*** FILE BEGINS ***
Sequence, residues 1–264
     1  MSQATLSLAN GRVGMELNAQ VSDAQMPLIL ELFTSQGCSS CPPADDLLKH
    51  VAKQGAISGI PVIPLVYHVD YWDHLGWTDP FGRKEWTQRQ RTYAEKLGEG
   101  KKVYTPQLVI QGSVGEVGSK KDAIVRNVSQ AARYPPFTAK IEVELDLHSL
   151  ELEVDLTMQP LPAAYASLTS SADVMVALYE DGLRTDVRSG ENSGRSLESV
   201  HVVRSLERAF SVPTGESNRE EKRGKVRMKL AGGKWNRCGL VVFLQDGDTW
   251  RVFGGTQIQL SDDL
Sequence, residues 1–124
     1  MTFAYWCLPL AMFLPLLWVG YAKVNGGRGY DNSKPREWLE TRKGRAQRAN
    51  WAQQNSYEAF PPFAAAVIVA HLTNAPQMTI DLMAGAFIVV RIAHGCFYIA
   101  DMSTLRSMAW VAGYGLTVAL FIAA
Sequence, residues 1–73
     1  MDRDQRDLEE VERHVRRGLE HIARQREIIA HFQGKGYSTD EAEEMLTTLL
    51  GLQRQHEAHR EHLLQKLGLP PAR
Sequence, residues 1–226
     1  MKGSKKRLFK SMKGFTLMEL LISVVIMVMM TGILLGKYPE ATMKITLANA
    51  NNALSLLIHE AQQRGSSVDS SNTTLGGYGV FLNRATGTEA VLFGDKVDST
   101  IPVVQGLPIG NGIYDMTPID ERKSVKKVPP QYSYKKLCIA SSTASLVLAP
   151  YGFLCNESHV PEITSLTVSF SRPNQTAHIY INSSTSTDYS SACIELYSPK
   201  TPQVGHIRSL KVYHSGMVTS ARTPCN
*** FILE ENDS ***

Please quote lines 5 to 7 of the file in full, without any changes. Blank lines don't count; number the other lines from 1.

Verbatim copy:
   151  ELEVDLTMQP LPAAYASLTS SADVMVALYE DGLRTDVRSG ENSGRSLESV
   201  HVVRSLERAF SVPTGESNRE EKRGKVRMKL AGGKWNRCGL VVFLQDGDTW
   251  RVFGGTQIQL SDDL